Top officials of the American Association of University Professors have fended off an election challenge from a slate of candidates who had accused them of being too focused on union organizing.
In an election that represented just the latest in a series of skirmishes over the AAUP’s direction, the incumbent slate prevailed in all four races for the association’s top offices, according to voting results released on Thursday.
The four challengers for the AAUP’s top offices called themselves the Unity Slate, a reflection of their argument that the incumbents had sown division between the association’s union and nonunion chapters, and had stressed unionization at the expense of the AAUP’s historical mission of promoting principles such as academic freedom.
The incumbent slate called itself Organizing for Change, the same banner its members ran under in 2012, when they easily won office on pledges to shift the association’s focus to organizing at the college level. They had issued statements arguing that if there was division within the AAUP, its source was "persistent and groundless fear-mongering about a phony collective-bargaining takeover."
Rudy H. Fichtenbaum, who won re-election as the AAUP’s president, called the election results "an endorsement of the direction we have been taking." He had argued during his campaign that the real choice before the AAUP’s members was whether their association would continue to build a national network of activist chapters or retreat into a group focused on running a Washington office that weighs in on a few controversies each year.
Jane L. Buck, a former AAUP president who had challenged Mr. Fichtenbaum in seeking to return to that office, argued that the defeat of her slate did not erase the concerns it had raised. "We’ll keep bringing the issues forward," said Ms. Buck, an at-large member of the AAUP’s national council.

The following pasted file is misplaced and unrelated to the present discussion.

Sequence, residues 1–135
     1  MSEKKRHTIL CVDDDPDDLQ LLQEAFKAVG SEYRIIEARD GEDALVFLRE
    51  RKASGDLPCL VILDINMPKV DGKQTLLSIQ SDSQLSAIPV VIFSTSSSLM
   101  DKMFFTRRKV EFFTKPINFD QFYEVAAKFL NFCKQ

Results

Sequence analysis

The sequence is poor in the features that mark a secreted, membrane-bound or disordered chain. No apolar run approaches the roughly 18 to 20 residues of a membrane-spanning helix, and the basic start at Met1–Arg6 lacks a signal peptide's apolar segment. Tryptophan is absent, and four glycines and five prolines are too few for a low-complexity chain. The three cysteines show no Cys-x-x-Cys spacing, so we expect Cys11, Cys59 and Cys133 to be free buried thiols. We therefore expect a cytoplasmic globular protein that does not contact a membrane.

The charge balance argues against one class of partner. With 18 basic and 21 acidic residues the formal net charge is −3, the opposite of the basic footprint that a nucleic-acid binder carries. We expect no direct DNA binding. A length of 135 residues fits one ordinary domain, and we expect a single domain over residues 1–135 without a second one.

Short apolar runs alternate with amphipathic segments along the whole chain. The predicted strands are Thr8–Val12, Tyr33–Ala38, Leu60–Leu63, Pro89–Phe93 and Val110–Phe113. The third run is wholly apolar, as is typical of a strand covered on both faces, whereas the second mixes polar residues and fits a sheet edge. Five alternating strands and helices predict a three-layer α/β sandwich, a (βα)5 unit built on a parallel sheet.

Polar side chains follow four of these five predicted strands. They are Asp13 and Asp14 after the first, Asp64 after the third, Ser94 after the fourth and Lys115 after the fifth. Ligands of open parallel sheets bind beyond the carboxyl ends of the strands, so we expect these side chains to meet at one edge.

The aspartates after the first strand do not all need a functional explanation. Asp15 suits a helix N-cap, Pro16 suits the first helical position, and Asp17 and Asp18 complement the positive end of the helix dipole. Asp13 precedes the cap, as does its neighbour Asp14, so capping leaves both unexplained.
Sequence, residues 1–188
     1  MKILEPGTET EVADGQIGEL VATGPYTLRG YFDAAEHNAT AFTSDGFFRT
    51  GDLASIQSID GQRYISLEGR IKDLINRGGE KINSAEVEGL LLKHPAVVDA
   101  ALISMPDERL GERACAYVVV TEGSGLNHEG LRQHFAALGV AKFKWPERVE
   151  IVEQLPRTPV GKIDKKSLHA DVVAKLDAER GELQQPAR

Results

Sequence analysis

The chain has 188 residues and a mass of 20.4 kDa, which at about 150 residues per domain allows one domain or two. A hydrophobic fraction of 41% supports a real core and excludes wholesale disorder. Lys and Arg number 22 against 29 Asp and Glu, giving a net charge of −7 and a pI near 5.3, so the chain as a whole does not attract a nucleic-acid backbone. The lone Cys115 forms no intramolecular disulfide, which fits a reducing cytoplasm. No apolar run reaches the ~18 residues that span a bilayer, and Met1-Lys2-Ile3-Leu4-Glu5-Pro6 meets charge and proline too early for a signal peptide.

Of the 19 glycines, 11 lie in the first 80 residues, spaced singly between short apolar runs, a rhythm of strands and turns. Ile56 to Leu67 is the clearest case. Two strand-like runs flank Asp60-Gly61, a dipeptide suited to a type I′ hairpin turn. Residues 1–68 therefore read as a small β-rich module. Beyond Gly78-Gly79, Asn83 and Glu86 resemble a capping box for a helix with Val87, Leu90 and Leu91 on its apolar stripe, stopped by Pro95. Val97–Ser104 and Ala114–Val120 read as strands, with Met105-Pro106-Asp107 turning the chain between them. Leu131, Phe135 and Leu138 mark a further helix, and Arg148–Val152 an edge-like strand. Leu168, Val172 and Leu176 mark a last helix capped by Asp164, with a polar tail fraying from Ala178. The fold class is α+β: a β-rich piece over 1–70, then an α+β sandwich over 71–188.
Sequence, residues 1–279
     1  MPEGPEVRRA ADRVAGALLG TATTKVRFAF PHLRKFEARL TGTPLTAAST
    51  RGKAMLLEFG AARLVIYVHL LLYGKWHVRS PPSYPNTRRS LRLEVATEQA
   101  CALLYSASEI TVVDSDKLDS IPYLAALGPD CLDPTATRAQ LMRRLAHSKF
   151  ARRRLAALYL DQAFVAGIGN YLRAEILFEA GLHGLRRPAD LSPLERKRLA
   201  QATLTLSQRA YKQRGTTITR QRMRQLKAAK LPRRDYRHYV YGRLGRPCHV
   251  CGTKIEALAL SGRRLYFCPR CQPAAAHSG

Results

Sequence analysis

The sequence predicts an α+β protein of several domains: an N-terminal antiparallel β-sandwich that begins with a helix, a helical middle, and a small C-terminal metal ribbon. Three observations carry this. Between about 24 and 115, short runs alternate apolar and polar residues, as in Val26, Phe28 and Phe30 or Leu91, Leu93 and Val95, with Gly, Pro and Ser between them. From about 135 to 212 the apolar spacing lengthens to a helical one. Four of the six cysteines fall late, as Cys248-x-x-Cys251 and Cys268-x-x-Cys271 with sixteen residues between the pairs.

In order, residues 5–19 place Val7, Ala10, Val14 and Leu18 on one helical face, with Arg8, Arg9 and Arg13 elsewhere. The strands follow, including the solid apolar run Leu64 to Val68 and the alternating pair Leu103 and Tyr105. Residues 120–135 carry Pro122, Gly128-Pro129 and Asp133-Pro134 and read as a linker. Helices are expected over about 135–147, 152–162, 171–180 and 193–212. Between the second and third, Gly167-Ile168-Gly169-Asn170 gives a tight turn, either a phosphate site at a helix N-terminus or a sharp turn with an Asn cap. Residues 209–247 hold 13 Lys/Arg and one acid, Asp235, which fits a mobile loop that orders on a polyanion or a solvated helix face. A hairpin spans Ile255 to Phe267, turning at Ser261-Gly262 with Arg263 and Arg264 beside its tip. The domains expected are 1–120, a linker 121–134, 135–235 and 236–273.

The race for the AAUP’s presidency turned out to be fairly close. Mr. Fichtenbaum, a professor of economics at Wright State University, won just under 52 percent of the vote in defeating Ms. Buck, a retired professor of psychology at Delaware State University who was the AAUP’s president from 2000 to 2006.
Others on the four-member slate of incumbents had an easier time of it. In the race for first vice president, Henry F. (Hank) Reichman, a professor emeritus of history at California State University-East Bay and chairman of the AAUP’s Committee A on Academic Freedom and Tenure, received just over 60 percent of the vote in defeating Brian Turner, a professor of political science at Randolph-Macon College and acting chairman of the AAUP’s Assembly of State Conferences.
In the race for second vice president, Susan Michalczyk, an adjunct faculty member at Boston College and chairwoman of the board of the AAUP Foundation, won about 58 percent of the vote in defeating Cary Nelson, a professor of English at the University of Illinois at Urbana-Champaign who was the AAUP’s president from 2006 until being term-limited out of office, in 2012.
The most decisive win of the bunch came in the race for secretary-treasurer. The incumbent, Michele Ganon, a professor of accounting at Western Connecticut State University, won 67 percent of the vote in defeating Saranna Thornton, a professor of economics at Hampden-Sydney College and chair of the AAUP’s committee on the economic status of the profession.